Six designers showed wedding collections that ranged from opulent to romantic, ‘50s-inspired, fairy tale and pastel hued.
Beauty queen Catriona Gray took the audience by surprise when she walked the runway of Marry Me at Marriott last night, June 22.
Wearing a ball gown-style wedding dress by Jaggy Glarino, she glided on the runway like a true bride, in platform heels and clutching a eucalyptus bouquet. The taffeta skirt looked straight out of a fairy tale while her modern bouquet — not the usual super arranged flowers — looked as if the eucalyptus stems were picked from a wooded area by her bridesmaids. It made a perfect counterpoint to the voluminous dress.
The 9th edition of Marry Me at Marriott was once again a spectacle of everything weddings at the Marriott Grand Ballroom, an 8,000 sqm. space that’s the biggest ballroom in the country. The wedding and event stylists were at the Marriott Moments A-Fair Hall and the Marry Me show was held at the Fashion Hall.
Bruce Winton, Marriott International Multi Property VP-Philippines, reflected on Marry Me at Marriott holding its 9th edition this year, and the hotel group’s expansion in the country, saying, “We remain committed to be our stakeholders’ ally in creating more Marriott Moments with seven operational hotels, two more to open in 2023, and a total of 15 in the pipeline.”
“It’s like organizing 10 weddings all at once,” Marriott Cluster Director for Marketing Communications Archie Nicasio quipped to host RJ Ledesma. Nicasio’s team — which includes Manila Marriott, Sheraton Manila and Courtyard by Marriott Iloilo — organized the event.
While the wedding stylists outdid each other with beautiful maximalist settings of flowers, tables and accessories, the runway design took things down several notches.
The background featured a Tree of Life that changed colors in sync with the images on the huge LED screen behind it. One moment it transported the audience to Narnia, the next it put them in the middle of spring when cherry blossoms are in bloom, followed by images of the industrial age and stained glass.
Against this background, six designers — Val Taguba, Ezra Santos, Jaggy Glarino, Rhett Eala, Jezelle Amorado and Albert Andrada — revealed collections that ranged from hooded and bling-embellished to mermaid skirts and structured ‘50s-inspired dresses. This definitely wasn’t the occasion for minimalist wedding dresses.
Taguba, who specializes in ball-gown wedding dresses and has done some beauty pageant gowns, opened the show with his glittery pieces. “A winning moment for me is seeing my bride so confident and beautiful wearing my gown,” he says.
Against a winter postcard background, his first dress was a translucent piece embellished with embroidery, crystal and glass beads, and a hood. This set the tone for the opulence that accompanied each dress.
Dubai-based designer Ezra Santos brought the rich city’s Middle Eastern aesthetic to Manila. “It’s my first time to do a wedding show in Manila. It’s an exciting event to be a part of,” he says. “I want my brides to feel their best and most beautiful on their wedding day.”
Santos’ white tuxedos for grooms were also tastefully embellished with embroidery and crystal beads on the sleeves to match the brides’ aesthetic.
Jaggy Glarino, who’s shown his penchant for deconstruction in local fashion shows, went back many generations using 1950s fashion as his inspiration and bringing it to his natural style.
His dresses were a tribute to 1950s couture, ranging from structured to mermaid and A-line. Some of the brides wore wide-brimmed hats decorated with flowers, bringing a nostalgic mood to the runway.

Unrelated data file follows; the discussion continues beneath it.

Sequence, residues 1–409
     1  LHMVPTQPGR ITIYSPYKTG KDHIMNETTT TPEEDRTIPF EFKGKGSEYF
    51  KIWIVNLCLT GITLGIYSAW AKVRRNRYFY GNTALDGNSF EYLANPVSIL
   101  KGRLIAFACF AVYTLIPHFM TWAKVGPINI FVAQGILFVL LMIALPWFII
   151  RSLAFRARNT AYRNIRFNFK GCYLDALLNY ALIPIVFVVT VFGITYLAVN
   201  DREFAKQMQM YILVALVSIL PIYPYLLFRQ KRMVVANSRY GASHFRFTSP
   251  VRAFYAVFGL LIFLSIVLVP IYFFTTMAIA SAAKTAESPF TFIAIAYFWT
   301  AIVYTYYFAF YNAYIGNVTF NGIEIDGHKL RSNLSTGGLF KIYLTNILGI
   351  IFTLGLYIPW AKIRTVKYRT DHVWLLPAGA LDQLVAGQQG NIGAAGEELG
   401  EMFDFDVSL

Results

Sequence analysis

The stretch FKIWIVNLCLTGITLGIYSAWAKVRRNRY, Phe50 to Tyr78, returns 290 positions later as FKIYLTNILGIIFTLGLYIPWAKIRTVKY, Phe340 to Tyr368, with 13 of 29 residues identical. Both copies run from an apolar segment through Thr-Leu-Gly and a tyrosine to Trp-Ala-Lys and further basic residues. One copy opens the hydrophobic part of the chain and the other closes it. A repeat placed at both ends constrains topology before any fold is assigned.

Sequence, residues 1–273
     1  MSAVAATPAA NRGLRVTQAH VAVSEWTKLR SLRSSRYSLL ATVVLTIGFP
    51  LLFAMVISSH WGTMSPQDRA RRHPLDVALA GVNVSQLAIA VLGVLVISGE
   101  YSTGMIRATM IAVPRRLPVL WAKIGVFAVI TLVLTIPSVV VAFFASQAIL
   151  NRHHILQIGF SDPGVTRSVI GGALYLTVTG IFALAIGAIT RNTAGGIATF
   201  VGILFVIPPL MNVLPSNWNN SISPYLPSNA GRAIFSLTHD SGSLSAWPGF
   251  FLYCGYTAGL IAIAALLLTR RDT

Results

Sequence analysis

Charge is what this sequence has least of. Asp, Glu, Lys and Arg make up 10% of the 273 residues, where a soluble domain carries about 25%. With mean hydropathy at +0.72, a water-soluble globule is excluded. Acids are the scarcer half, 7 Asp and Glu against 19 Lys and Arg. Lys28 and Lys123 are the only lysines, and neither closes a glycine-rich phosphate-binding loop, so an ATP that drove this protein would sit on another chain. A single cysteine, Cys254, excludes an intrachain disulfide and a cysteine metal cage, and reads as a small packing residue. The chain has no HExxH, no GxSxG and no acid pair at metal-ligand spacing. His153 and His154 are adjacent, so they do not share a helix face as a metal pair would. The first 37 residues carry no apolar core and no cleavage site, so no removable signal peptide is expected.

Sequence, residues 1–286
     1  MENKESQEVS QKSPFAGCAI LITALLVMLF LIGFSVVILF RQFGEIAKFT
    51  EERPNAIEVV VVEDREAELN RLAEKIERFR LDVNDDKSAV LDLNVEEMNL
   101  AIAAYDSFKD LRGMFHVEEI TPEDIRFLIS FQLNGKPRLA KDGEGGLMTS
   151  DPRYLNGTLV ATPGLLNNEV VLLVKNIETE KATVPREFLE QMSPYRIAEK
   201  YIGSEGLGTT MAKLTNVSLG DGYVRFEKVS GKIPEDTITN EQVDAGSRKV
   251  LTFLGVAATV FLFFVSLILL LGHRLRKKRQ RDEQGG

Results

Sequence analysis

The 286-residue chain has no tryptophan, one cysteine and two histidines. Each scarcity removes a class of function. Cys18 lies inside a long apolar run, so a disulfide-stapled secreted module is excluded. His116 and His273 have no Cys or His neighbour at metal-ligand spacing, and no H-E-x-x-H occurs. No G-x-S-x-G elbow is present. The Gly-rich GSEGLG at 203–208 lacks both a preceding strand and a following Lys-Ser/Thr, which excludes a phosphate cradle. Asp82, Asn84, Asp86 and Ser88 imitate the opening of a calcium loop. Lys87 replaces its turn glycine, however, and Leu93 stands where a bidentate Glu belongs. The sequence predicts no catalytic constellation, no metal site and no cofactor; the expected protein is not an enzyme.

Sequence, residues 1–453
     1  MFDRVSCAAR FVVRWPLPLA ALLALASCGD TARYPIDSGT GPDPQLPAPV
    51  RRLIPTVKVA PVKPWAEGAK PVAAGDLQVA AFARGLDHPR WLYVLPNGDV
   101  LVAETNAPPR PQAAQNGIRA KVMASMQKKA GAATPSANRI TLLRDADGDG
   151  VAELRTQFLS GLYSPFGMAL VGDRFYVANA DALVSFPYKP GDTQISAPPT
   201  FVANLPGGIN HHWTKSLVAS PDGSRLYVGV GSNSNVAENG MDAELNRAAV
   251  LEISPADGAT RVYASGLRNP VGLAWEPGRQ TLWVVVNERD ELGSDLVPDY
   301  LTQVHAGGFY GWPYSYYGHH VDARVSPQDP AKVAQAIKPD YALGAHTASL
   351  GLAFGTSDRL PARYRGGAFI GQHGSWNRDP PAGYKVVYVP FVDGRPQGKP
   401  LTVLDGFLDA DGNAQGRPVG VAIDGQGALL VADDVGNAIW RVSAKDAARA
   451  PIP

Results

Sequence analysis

The inspiration may be Charles James-era but Glarino paid particular attention to the contemporary times by harnessing “all the techniques, fabrication of the era and making them alive in this day.” He says he knows his dress is a success when the woman feels beautiful and empowered wearing it.
Rhett Eala recognizes that some brides embrace colors other than white and his collection showed that. There were pink, baby blue and lilac suits and dresses, and the background for his brides was an equally colorful stained glass with the tree of life lit by thousands of yellow fairy lights.
“Good fabric, good silhouette and a very wearable dress make for a winning moment. The fantasy is in how the woman feels. It’s when everything comes together and everyone is happy,” Eala says.
Jezelle Amorado’s collection is timeless and romantic. “It’s something I drew from my own passion in terms of fashion design. My career and everything that has led to this moment is a love story,” she says. “A winning moment is truly something that lasts for a lifetime. And that’s something you cannot achieve by waiting around — it’s something that you build.”
How fitting it was that Amorado’s dreamy dresses came out on the runway to the backdrop of letters being written. Her dresses had voluminous skirts and form-fitting tops — putting you in the mood for a ball where the main characters lock eyes across the room and fall in love.
Albert Andrada’s take on the bride’s big day comes in all colors. And why not? “It’s always traditional for the bride to wear white or off-white,” but Andrada advocates the use of pastels like baby pink and powder blue. With those colors, the dress can look more feminine, he says. “White is still there of course, but I’m injecting pastels in this collection.”
Two weeks ago, Andrada had a show at Marriott New York, and he’s proud that more and more Filipino fashion designers are being recognized abroad. “And now here I am in Marriott Manila! I feel very proud to be part of Marry Me at Marriott.”
The collections of Val Taguba, Ezra Santos, Jaggy Glarino, Rhett Eala, Jezelle Amorado and Albert Andrada will make any bride blush with happiness on her big day. And with the lovely settings that stylists put on display at the Marriott Grand Ballroom, it’s a perfect day waiting to unfold.